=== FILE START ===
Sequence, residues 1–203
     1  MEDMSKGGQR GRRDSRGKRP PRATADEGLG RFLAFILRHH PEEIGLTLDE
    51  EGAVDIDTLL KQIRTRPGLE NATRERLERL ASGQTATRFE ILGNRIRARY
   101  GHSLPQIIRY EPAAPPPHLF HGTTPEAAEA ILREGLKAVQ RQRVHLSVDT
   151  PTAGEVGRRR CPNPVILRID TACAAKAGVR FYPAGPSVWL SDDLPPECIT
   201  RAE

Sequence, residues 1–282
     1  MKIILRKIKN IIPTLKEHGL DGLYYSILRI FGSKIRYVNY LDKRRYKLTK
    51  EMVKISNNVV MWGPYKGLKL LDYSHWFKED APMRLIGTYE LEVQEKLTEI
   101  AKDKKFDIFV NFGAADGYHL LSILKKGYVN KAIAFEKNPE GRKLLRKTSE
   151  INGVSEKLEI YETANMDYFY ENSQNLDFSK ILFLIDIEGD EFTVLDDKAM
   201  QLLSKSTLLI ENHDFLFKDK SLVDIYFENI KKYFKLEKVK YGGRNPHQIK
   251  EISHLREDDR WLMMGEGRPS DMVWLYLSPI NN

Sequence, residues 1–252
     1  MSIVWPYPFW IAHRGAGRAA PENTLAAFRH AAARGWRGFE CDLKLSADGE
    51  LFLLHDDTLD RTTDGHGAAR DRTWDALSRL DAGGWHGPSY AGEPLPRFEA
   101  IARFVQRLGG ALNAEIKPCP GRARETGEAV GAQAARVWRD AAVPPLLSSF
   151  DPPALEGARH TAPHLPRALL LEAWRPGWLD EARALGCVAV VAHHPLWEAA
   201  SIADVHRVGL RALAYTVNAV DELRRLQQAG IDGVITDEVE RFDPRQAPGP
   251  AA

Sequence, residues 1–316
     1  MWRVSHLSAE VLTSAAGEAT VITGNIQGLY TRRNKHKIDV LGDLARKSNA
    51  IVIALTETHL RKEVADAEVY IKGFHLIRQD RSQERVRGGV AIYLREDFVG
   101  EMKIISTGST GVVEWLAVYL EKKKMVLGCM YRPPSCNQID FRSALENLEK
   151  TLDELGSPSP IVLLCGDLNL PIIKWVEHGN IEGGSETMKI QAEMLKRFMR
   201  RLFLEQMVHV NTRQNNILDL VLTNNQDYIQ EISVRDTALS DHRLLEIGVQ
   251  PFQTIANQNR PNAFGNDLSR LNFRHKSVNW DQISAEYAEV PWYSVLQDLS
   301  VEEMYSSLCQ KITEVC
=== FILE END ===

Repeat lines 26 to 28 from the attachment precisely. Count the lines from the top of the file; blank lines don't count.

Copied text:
   201  RLFLEQMVHV NTRQNNILDL VLTNNQDYIQ EISVRDTALS DHRLLEIGVQ
   251  PFQTIANQNR PNAFGNDLSR LNFRHKSVNW DQISAEYAEV PWYSVLQDLS
   301  VEEMYSSLCQ KITEVC